Adventures in Government - Criminal Justice Reform
Last night I attended a presentation at St. Matthew's Episcopal Church, which apparently invites quarterly speakers to discuss social issues. This quarter, the topic was criminal justice reform.
I honestly don't remember how or when I learned about this presentation, but it was on my schedule, so I went ahead and attended. I know that the criminal justice system in this country is pretty ineffective, so I hoped to get some insight in how to combat that problem.
The meeting featured two speakers: Rebecca Fealk (from American Friends Service Committee) and Judge Charles Pyle (a retired U.S. Magistrate Judge). Rebecca spoke about statistics and laws, showing how the prison system fails to do what it's supposed to do. Judge Pyle spoke about people; the essential humanity of most inmates, and what judges can do to humanize them.
Of particular interest to me was the privatized prison system: how expensive this system is to maintain, and how backwards the incentives are given how the contracts are set up.
One story in particular stood out to me: One of the ways prisons get privatized is by switching to a private health care service in the prison. However, after Arizona switched to private health care for prison inmates, prison deaths began to rise dramatically, and it didn't seem like the state was actually saving any money in the process. Given that the whole argument for privatization is that for-profit businesses are more efficient and, therefore, more cost-effective than public institutions, this seemed like a problem.
Luckily, in the law that privatized prison health care in Arizona, the legislators included an oversight provision. Basically, the provision required the state to investigate the health care provider regularly to see if they were doing their job effectively and efficiently. The state had basically ignored this provision for a long time, but people put pressure on them to look into it, so eventually they did.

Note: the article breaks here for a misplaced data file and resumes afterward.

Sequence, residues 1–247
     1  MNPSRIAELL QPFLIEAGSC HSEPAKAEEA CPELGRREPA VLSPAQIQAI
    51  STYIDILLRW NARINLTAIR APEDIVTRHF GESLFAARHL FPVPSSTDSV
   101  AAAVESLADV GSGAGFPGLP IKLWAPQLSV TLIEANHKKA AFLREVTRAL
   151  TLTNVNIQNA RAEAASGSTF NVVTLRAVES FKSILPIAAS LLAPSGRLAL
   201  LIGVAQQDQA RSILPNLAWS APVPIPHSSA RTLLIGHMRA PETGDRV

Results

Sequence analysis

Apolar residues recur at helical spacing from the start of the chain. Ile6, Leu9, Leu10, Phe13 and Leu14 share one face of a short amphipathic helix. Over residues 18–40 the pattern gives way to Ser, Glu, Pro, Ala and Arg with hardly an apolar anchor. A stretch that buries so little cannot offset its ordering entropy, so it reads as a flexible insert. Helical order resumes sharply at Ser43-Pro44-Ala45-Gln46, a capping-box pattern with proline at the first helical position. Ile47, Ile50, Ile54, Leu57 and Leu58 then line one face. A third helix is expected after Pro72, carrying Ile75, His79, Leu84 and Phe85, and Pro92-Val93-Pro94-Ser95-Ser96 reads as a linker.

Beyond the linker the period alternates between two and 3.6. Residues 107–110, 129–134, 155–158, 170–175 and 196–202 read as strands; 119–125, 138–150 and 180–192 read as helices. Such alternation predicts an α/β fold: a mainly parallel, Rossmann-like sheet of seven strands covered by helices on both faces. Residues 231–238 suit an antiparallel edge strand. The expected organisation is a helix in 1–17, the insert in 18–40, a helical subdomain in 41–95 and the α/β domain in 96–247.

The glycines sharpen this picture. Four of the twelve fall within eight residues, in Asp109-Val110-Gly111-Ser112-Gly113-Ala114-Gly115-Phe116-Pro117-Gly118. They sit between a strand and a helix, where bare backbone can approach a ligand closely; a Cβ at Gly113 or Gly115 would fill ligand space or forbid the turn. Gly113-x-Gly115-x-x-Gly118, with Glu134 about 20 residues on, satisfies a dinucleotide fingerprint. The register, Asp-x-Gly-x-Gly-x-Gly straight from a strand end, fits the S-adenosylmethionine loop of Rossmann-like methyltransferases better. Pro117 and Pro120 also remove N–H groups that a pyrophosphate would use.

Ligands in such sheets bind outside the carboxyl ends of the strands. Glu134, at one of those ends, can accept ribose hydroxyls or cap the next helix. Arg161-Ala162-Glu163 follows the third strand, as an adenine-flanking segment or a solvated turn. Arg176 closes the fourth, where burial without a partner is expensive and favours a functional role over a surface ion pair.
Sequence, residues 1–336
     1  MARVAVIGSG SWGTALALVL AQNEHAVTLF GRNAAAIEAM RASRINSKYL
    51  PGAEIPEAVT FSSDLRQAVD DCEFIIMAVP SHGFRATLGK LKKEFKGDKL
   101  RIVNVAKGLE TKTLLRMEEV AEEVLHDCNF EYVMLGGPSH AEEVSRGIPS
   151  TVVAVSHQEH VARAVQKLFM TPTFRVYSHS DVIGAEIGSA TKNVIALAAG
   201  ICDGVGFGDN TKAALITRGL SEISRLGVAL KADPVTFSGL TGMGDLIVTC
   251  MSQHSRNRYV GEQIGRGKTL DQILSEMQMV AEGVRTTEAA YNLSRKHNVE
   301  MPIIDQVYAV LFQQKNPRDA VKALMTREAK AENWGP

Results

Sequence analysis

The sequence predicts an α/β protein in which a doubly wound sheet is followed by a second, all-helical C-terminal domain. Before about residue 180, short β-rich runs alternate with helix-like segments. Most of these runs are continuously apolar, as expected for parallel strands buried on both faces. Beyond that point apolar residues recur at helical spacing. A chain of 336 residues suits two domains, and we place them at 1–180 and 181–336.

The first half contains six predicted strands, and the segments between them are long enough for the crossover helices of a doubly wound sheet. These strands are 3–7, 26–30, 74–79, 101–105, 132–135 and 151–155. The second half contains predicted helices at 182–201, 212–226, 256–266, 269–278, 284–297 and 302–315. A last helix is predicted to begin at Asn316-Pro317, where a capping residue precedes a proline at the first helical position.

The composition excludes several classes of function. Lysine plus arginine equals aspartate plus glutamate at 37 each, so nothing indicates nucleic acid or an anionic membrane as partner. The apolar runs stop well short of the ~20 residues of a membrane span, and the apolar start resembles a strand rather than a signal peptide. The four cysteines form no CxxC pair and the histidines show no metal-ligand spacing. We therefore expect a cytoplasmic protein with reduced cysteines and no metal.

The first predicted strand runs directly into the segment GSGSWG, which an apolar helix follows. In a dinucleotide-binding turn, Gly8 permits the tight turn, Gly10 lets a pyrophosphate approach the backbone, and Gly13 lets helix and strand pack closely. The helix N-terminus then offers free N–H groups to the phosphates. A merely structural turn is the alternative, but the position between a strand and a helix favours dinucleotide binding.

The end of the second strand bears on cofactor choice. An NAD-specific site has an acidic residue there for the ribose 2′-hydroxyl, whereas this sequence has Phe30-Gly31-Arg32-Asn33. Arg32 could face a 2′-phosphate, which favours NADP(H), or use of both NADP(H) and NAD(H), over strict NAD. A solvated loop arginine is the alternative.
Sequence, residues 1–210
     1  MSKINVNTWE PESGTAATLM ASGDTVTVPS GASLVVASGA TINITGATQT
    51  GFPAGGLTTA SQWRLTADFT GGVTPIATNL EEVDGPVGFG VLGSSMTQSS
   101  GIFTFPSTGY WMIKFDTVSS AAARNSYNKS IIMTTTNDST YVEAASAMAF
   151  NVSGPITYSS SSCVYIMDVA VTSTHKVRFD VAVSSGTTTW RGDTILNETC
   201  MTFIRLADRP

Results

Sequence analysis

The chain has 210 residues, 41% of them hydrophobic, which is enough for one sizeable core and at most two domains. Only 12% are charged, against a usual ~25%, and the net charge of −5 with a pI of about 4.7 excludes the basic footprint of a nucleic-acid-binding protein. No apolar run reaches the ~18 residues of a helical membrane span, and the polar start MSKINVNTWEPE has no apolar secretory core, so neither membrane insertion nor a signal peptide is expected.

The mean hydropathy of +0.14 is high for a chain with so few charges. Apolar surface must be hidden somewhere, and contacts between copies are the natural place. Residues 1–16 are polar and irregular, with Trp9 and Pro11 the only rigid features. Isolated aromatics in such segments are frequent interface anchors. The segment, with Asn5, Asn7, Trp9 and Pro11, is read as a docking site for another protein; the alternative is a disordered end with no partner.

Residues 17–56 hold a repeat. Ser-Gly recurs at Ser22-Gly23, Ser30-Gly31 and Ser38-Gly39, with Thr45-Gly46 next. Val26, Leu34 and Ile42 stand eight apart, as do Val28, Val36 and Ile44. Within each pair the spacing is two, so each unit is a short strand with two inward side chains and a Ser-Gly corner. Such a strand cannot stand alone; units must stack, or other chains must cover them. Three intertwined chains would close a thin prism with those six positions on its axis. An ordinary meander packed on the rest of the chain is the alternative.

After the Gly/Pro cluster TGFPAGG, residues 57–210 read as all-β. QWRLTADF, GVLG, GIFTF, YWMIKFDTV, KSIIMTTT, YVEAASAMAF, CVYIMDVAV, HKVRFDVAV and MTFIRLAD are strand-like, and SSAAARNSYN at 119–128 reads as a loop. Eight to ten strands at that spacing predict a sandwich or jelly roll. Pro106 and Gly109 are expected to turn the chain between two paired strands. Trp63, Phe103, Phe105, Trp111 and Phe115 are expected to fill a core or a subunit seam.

They discovered that, in fact, the private health services were more expensive than public health care and less effective. Their solution? Get rid of the provision in the law that required them to investigate. Rather than address the problem, it was swept under the rug.
Which, really, is a parable for the prison system in a nutshell: every problem is swept under the rug. Our prison population is skyrocketing, even as crime is going down. Things like mandatory minimum sentencing ensure that the prison populations continue to grow, and the lack of opportunity felons face upon release makes their return to prison highly likely.
And nothing is likely to change. The prison system is very profitable for some people, so they advocate to keep things the way they are. Politicians can't get elected if they appear to be soft on crime, and most citizens are happy to go about their lives not thinking about prisons or the people within them.
Unfortunately, I can only scratch the surface of this problem here. I have a few thoughts on how to start fixing the prison system, but none of them are simple. Criminal justice, like most real problems, is a complex issue.
There's no shortage of studies out there on the subject, if you're interested. The best first step I can recommend, though, is simply to remember that the people in our prison system are people. Most of them suffer from substance abuse, mental illness, or poverty.
Judge Pyle, in his presentation, included this quote from Gregory Boyle:
The solution to our nation's prison problem starts with empathy. All else flows from there.